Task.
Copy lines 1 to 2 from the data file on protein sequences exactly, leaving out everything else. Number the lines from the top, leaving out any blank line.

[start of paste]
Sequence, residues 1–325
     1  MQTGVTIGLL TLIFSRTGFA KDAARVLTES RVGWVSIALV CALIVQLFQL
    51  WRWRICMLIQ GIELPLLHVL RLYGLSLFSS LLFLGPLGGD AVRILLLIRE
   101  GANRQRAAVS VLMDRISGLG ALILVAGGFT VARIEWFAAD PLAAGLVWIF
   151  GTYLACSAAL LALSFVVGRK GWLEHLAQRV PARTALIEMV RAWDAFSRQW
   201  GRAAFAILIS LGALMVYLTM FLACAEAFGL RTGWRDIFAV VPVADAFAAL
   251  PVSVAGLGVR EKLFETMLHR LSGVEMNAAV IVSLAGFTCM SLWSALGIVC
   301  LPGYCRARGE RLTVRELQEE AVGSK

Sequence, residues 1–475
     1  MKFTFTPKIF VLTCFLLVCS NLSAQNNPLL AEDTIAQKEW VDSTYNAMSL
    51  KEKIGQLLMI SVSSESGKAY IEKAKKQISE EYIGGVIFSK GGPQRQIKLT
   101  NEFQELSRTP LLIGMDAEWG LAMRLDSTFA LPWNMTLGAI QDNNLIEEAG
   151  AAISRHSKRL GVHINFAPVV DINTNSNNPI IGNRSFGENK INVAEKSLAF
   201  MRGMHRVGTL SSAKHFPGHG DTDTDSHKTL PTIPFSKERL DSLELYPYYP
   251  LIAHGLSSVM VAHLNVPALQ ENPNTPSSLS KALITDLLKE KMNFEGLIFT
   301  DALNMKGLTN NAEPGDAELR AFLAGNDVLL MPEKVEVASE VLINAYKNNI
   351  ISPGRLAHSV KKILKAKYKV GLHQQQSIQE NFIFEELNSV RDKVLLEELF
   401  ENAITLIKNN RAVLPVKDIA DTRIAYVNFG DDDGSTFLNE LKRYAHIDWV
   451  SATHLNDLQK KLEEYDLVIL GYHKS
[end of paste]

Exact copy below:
Sequence, residues 1–325
     1  MQTGVTIGLL TLIFSRTGFA KDAARVLTES RVGWVSIALV CALIVQLFQL